chapter  7
22 Pages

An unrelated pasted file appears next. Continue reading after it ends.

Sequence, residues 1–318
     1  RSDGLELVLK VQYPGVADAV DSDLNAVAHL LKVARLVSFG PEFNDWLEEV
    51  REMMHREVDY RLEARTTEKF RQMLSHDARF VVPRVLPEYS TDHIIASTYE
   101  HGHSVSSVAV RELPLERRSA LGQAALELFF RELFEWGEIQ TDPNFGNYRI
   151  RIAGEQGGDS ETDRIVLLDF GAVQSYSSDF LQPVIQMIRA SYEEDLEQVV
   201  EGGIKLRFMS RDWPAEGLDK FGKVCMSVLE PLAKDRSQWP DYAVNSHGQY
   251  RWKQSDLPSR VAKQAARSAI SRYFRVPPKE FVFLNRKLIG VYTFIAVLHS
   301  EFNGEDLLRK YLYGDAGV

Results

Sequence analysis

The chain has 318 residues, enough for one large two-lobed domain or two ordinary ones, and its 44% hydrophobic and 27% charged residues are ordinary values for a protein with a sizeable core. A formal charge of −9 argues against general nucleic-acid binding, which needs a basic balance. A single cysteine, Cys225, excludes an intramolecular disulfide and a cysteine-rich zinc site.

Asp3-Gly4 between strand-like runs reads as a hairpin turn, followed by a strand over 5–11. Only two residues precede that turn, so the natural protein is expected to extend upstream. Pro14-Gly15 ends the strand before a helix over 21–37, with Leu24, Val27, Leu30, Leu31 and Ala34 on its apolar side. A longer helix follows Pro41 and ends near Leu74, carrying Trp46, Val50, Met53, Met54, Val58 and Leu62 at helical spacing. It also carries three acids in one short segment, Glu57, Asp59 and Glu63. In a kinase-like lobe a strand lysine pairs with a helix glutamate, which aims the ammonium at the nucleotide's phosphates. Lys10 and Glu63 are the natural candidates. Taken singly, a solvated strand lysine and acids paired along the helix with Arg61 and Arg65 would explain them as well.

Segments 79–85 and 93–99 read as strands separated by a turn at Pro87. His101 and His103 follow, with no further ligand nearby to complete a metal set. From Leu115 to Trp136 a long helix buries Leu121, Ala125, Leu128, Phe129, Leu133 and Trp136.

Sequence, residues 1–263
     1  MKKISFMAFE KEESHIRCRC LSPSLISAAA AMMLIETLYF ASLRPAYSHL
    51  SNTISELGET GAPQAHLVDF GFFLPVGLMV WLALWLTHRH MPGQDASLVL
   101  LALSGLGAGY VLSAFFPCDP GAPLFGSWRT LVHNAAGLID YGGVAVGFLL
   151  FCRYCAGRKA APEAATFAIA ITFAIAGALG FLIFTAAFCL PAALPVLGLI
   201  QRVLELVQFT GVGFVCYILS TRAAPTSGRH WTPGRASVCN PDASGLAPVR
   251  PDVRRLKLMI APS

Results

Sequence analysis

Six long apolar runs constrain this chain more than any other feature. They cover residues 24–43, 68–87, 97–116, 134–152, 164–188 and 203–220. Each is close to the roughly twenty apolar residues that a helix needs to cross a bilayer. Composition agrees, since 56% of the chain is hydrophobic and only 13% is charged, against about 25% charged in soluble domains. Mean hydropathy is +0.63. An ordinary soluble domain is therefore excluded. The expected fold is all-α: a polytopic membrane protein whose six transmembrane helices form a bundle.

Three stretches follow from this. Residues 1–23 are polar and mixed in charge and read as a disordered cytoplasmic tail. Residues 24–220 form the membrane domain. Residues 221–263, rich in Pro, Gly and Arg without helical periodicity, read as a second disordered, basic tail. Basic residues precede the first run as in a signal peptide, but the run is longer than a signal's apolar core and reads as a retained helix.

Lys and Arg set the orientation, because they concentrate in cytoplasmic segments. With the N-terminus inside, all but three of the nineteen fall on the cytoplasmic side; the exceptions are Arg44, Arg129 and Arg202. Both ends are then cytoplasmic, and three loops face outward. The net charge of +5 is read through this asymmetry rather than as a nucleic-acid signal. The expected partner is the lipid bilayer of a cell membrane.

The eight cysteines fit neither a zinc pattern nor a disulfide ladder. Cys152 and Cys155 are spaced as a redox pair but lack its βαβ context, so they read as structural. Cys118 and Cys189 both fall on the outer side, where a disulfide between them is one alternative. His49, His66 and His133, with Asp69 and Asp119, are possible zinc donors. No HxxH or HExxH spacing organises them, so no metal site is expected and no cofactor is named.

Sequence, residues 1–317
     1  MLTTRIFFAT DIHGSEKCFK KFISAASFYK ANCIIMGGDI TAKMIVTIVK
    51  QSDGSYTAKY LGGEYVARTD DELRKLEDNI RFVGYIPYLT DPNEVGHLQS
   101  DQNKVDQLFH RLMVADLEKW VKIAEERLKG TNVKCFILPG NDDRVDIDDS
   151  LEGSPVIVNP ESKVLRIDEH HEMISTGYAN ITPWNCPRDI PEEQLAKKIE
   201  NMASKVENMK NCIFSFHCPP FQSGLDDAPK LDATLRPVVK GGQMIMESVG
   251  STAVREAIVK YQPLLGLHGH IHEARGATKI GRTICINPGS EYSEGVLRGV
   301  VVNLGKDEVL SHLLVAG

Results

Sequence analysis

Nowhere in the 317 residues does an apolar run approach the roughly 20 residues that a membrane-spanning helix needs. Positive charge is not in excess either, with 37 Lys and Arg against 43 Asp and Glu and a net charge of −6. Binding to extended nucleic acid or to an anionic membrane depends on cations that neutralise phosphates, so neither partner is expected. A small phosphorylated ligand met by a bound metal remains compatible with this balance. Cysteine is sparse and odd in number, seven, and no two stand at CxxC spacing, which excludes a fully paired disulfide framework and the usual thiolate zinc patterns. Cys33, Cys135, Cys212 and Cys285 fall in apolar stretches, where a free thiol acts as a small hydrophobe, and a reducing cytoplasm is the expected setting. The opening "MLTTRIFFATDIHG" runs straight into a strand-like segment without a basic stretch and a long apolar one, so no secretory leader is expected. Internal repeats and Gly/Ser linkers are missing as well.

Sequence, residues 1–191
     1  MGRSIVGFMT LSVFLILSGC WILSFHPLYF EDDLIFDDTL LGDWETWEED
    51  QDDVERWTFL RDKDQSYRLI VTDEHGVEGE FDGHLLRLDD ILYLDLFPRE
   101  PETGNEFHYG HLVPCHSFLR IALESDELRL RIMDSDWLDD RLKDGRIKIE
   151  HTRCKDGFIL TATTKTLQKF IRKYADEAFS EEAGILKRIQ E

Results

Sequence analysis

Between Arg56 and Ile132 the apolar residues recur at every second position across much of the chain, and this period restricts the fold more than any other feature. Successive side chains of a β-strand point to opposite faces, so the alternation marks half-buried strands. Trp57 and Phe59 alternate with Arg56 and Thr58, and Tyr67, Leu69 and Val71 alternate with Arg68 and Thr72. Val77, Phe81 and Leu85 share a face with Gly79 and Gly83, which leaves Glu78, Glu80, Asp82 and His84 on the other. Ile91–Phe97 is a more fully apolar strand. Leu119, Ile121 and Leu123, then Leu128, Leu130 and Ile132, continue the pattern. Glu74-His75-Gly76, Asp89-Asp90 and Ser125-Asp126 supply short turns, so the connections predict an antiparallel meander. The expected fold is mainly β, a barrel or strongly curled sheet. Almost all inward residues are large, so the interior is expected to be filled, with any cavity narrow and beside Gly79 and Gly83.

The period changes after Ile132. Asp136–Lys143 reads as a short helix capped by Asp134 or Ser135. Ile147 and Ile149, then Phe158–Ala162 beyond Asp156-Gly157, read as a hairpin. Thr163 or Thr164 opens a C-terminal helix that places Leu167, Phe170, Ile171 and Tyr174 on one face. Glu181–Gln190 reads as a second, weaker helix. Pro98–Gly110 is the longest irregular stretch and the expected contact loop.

The conclusion that separate subjects have a necessary place in the curriculum is sometimes taken to imply acceptance of the educational and cultural status quo. Some critics of the subjectorientated approach to education argue that this entails ossification of the curriculum in the form and content it assumed in the nineteenth century. It is assumed that as we sweep towards the twenty-first century we need a curriculum geared to the experience of rapid and radical change which appears to be the condition of humanity in advanced industrial societies. But emphasis upon education for a rapidly changing future is largely irrelevant to the problem of whether the curriculum is subject or project based. Avoiding curricular and cultural stagnation requires constant revaluation of the content of whatever mode of curricular organization we adopt. In particular, we need to be sensitive to novel ways of looking at experience which may be implicit in developments in scientific knowledge, in technological change and social reorganization, or which follow from innovations in the arts and developments in the behavioural disciplines, all implying different possibilities of self-awareness which alter the interests of human beings.